Judge Orders U.S. to Prepare Guantanamo Force-Feeding Tapes for Release

The U.S. government handed eight videotapes showing the force-feeding of a former Guantanamo detainee to a D.C. court in August. Charles Dharapak/AP

A federal judge on Friday ordered the Obama administration to prepare eight videotapes depicting the force-feeding of former Guantanamo detainee Abu Wa'el Dhiab for public release.

In a U.S. district court in Washington, D.C., Judge Gladys Kessler ruled that the government must complete redactions—editing out parts of the videos that are a threat to national security—before August 31, 2015. Other key redactions must be completed by September 30.

The public first became aware that the footage existed when the legal charity Reprieve challenged Dhiab's force-feeding on his behalf. The charity argued that force-feeding its client was both extremely painful and medically unnecessary. Dhiab's lawyers estimate he was force-fed nearly 1,300 times during his detention.

As the case dragged on, Dhiab was released from Guantanamo after serving 12 years. He was never charged.

The feeding process involves a member of Guantanamo's medical staff snaking a feeding tube through a detainee's nose, down the esophagus and into the stomach, where it's hooked up to a bag filled with a nutritional formula, such as Ensure.

While U.S. officials maintain that force-feeding is used only as a last resort to address medical problems such as malnutrition, Dhiab's attorneys argued it is a disciplinary measure used to discourage detainees from going on hunger strikes.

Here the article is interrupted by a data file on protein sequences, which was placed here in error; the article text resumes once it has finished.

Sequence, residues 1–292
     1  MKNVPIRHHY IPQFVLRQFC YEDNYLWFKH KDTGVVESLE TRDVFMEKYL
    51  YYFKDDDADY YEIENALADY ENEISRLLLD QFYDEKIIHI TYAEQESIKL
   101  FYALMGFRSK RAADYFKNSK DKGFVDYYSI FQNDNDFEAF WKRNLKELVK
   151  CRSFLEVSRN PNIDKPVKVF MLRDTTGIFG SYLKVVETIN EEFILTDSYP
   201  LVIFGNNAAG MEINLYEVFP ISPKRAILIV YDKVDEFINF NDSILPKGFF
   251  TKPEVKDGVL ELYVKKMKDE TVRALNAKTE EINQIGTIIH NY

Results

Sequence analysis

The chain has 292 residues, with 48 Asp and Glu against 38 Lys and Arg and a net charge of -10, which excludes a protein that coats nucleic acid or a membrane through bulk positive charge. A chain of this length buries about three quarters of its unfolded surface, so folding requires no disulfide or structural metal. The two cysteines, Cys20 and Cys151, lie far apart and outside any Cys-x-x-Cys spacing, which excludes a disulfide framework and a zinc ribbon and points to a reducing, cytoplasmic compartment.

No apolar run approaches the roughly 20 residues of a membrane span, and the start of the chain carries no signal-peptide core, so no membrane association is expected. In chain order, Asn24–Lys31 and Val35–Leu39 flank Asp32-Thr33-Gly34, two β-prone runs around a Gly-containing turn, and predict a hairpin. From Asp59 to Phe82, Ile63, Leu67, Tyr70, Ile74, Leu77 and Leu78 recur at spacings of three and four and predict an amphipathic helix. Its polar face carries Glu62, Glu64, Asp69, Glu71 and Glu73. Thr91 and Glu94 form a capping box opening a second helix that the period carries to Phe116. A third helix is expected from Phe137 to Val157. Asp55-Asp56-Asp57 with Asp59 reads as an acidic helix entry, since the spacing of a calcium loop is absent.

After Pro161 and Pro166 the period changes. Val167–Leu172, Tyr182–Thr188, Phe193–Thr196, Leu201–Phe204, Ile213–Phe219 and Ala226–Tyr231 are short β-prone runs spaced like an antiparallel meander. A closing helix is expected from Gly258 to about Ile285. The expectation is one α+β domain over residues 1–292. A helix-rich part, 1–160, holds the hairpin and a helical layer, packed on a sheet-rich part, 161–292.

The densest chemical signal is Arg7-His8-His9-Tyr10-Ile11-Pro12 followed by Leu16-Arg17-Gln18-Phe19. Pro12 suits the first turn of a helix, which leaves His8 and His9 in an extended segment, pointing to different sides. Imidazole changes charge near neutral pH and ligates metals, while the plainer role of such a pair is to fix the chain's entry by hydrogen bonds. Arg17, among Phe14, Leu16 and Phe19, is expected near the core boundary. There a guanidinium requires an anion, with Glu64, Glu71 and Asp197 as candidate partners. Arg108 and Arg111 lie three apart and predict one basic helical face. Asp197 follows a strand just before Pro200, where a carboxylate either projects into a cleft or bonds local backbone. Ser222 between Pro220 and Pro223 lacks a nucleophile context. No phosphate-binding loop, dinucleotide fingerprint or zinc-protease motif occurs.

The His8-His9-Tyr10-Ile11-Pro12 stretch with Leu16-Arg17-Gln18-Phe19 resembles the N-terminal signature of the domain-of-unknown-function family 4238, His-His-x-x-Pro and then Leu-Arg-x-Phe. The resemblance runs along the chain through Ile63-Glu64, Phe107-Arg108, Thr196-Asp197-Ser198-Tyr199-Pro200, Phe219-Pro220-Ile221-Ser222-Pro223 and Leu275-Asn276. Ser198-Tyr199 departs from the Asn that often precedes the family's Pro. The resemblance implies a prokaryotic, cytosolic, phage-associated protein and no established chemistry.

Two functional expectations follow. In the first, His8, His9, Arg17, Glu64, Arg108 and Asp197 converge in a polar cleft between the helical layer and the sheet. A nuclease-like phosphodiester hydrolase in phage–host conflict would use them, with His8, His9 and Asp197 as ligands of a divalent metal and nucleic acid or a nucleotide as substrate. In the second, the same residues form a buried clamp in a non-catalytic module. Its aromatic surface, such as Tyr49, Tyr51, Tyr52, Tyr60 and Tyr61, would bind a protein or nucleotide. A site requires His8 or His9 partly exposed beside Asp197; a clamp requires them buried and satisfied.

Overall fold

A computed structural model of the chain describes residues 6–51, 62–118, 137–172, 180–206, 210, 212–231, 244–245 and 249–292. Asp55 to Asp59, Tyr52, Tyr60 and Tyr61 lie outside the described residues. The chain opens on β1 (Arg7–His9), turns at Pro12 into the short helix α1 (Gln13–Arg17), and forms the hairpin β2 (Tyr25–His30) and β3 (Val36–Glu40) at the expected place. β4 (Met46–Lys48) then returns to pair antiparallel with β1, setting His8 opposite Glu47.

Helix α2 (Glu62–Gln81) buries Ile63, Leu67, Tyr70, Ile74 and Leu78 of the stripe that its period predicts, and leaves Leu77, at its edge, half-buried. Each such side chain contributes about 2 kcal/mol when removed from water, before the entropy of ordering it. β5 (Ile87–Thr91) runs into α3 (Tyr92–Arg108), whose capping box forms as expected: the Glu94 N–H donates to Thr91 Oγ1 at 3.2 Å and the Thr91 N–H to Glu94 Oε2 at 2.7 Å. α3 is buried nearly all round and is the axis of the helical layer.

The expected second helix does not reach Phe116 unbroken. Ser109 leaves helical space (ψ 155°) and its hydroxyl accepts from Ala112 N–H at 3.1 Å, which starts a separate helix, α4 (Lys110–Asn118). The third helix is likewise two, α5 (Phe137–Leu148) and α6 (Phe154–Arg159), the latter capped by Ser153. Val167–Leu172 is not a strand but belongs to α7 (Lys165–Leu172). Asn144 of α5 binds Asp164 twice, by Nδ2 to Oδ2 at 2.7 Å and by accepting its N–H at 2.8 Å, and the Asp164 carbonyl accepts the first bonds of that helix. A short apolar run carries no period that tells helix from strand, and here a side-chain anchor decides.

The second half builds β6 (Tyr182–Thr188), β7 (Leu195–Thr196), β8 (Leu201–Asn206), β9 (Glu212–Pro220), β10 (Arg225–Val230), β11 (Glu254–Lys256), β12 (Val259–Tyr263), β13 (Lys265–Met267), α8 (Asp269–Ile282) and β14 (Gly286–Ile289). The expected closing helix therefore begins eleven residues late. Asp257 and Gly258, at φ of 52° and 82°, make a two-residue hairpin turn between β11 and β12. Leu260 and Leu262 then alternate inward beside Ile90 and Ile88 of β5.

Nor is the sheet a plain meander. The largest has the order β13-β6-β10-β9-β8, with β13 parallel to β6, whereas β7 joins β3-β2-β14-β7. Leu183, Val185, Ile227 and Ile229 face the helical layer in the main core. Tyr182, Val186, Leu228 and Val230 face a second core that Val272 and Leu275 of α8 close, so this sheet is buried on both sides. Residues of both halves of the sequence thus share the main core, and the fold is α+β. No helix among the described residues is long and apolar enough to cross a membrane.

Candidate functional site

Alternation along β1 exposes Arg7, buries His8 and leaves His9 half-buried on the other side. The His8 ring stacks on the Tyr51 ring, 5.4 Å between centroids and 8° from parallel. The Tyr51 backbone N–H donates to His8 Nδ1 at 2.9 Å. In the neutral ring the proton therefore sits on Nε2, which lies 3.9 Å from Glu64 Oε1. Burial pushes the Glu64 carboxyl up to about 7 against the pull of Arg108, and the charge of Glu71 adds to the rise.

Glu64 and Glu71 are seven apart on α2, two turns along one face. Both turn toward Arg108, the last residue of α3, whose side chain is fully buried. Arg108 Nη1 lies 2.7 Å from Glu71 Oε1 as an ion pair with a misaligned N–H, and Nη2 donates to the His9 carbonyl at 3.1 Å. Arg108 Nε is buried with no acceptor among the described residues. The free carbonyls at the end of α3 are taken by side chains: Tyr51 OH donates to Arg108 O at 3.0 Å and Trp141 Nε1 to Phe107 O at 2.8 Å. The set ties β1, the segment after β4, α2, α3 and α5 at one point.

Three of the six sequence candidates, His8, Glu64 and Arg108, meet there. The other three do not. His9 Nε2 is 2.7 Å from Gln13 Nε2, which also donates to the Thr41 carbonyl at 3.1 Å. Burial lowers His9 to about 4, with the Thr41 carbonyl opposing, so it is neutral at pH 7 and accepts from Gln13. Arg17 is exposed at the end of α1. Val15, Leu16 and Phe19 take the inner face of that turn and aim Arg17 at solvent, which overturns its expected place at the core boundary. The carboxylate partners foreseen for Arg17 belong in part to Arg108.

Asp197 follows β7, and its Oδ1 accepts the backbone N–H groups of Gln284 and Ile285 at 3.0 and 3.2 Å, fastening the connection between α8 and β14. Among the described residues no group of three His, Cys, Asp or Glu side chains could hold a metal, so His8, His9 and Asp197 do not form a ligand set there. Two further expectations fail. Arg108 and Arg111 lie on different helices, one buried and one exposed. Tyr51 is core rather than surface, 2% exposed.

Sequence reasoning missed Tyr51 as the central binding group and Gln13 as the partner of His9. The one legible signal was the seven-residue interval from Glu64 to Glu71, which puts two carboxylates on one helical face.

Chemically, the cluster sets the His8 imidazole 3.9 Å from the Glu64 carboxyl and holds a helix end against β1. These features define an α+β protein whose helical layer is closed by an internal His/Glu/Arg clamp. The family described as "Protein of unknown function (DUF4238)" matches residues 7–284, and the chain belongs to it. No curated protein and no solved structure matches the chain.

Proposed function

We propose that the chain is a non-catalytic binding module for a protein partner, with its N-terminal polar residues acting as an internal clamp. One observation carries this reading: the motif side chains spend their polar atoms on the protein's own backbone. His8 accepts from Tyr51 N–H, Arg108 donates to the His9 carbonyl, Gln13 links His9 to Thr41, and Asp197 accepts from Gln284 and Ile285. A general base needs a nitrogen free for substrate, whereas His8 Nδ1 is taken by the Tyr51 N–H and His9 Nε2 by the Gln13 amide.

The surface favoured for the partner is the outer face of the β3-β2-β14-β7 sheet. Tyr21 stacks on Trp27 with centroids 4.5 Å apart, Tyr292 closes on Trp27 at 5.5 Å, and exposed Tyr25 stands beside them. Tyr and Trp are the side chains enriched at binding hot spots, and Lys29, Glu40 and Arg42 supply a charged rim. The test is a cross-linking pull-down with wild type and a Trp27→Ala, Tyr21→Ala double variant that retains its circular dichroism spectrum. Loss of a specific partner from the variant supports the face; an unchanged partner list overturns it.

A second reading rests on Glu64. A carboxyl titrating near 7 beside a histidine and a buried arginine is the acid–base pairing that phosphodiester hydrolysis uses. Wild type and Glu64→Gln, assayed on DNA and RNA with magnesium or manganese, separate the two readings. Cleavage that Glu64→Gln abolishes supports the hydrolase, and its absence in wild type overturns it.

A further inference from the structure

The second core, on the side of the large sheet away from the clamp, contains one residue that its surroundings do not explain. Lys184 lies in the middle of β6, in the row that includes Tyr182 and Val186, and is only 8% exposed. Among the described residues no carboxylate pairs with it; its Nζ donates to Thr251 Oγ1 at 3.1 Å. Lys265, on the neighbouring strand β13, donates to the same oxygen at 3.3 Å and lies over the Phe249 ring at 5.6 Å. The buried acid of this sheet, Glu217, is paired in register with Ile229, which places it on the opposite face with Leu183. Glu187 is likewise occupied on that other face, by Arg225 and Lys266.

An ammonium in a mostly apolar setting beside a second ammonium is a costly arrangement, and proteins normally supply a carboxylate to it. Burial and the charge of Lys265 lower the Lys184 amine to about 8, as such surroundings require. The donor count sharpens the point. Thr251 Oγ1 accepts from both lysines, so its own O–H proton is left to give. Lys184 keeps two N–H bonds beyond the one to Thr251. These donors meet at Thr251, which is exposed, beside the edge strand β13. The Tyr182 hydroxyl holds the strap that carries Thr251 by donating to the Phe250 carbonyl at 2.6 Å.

Kessler first ordered that the tapes be released in October 2014. The government then appealed her ruling in December, saying that "the balance of harms and the public interest heavily favor extending the stay [of the tapes' release]." On Thursday, Kessler called the government's appeal "frivolous," hinting at how she would rule the next day.

"The Obama administration has been kicking and screaming to avoid processing even one minute of this footage and never wanted to have to give a specific reason for keeping it secret," said Cori Crider, one of Dhiab's Reprieve attorneys. "That is because the real reason for trying to hide Mr. Dhiab's face is that what he suffered is a scandal and an embarrassment to the administration that allowed it."

"The government has been rightly chided by the judge and now will be made to give real reasons for every frame of this footage that they want to keep hidden from the public," Crider continued. "Images of a suffering detainee are matters of public importance and should no more be suppressed than those of Abu Ghraib, Eric Garner or Rodney King. An administration truly committed to transparency would release the tapes forthwith."

One hundred and sixteen detainees remain in Guantanamo Bay, some of whom continue to be force-fed. During the Islamic holy month of Ramadan, however, the force-feedings are carried out only at night.